La gravité de la crise nucléaire : le monde versus le Japon

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La gravité de la crise nucléaire : le monde versus le Japon

La situation de l’évaluation de la crise nucléaire au Japon est marquée par une extraordinaire différence d’appréciation du jugement de la gravité de cette crise entre les autorités japonaises d’une part, la plupart des organisations internationales et des grands pays d’autre part. Le jugement communiqué hier à une commission de l’Assemblée Nationale par le ministre français Besson selon lequel la crise japonaise pourrait s’avérer pire que Tchernobyl est largement partagé par le reste de “la communauté internationale”, au contraire de l’évaluation générale qu’en font les autorités japonaises ; devant les députés européens, le Commissaire à l’énergie de la Commission européenne a estimé que le mot “apocalypse” était approprié pour décrire la situation. (On pourrait y ajouter ce détail, signalé par EUObserver le 17 mars 2011, du même, décidément très “biblique” : «The nuclear crisis in Japan is now in the “hands of God”, the EU's energy commissioner, Guenther Oettinger, has said, rattling financial markets...»)

Cet aspect de la situation de la crise est rapporté par le Guardian, ce 16 mars 2011

«International concern that Japan has lost control over the nuclear crisis is escalating as Britain, France and other countries advised their citizens to “consider” leaving Tokyo because of heightened radiation levels. Yukiya Amano, head of the International Atomic Energy Agency, said he would visit the Japanese capital to gather information about the “very serious” situation at the Fukushima plant.

»Conflicting reports from the damaged nuclear plant have deepened alarm over Japan's management of the crisis, leading to charges that the authorities are actually making the situation worse.

»Gregory Jaczko, who heads the US nuclear regulator, said Japan had failed to order a big enough evacuation. He told Congress the public should get at least 50 miles away from the stricken plant. The Japanese cleared a radius of 12 miles. He raised further fears by saying that all the water had evaporated from one of the spent fuel pools at the nuclear plant, so there was nothing to stop the fuel rods from getting hotter. Jaczko said officials believe radiation levels are extremely high, which could affect workers' ability to stop temperatures rising.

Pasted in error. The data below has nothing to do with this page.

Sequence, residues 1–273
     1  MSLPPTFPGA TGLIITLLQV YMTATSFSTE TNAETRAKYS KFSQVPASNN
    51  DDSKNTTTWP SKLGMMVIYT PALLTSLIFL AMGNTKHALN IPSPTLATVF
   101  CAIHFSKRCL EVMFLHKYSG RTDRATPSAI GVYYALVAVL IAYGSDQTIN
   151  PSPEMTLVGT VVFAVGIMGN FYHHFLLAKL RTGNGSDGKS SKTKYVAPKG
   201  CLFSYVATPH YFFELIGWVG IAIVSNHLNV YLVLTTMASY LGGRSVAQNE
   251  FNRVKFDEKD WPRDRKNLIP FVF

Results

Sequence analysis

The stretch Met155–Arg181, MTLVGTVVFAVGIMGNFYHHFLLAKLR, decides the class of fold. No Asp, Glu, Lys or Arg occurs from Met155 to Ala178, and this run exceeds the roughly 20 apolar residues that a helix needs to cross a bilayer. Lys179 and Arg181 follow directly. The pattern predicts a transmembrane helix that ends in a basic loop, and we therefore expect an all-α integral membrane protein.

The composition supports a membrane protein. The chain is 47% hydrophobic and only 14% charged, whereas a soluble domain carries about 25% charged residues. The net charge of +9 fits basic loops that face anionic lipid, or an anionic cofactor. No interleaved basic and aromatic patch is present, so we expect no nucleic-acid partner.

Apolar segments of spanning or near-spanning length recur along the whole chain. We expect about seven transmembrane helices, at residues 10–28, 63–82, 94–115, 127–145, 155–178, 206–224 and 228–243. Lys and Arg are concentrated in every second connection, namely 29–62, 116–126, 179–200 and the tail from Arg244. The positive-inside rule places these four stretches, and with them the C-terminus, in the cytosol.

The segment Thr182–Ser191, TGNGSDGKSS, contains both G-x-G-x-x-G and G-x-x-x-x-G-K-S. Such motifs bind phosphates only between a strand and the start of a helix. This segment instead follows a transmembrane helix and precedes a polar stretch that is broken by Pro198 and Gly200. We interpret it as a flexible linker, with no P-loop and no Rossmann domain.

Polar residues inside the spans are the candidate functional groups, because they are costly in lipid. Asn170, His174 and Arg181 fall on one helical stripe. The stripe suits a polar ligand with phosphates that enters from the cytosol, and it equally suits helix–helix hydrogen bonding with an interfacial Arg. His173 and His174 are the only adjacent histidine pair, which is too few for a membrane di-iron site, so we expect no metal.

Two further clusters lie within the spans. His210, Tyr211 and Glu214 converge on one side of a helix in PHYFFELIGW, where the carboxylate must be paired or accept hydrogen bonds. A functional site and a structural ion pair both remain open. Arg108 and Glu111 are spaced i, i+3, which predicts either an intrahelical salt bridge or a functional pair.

»The EU's energy chief, Günther Oettinger, told the European parliament the situation was out of control. “We are somewhere between a disaster and a major disaster,” he said. “There could be further catastrophic events, which could pose a threat to the lives of people on the island.” He said it was impossible to “exclude the worst”, adding: “There is talk of an apocalypse and I think the word is particularly well chosen.”

»The partial meltdown at Fukushima appeared more serious than the Three Mile Island accident in 1979, the US energy secretary, Steven Chu, told Congress.

»China, which had been driving a global revival of the nuclear industry, announced it was putting construction on hold, and ordered safety reviews at existing facilities. The heightened concerns – six days after a devastating earthquake and tsunami plunged Japan into a humanitarian as well as a nuclear emergency – brought criticism of the authorities' management of the situation at Fukushima.

»Yuli Andreyev, former head of the agency tasked with cleaning up after Chernobyl, told the Guardian the Japanese had failed to grasp the scale of the disaster. He also said the authorities had to be willing to sacrifice nuclear response workers for the good of the greater public, and should not only be deploying a skeleton staff. “They don't know what to do,” he said. “The personnel have been removed and those that remain are stretched.”

»Kenneth Bergeron, a physicist who has done research on nuclear accident simulation, said Three Mile Island had shown the importance of bringing in outside experts. “I am concerned that the management of this accident was left to very local hands for a very long time,” he said. “Sometimes the managers and operators in place when the accident has taken place are not well qualified. They may have the inability to see the big picture.”»

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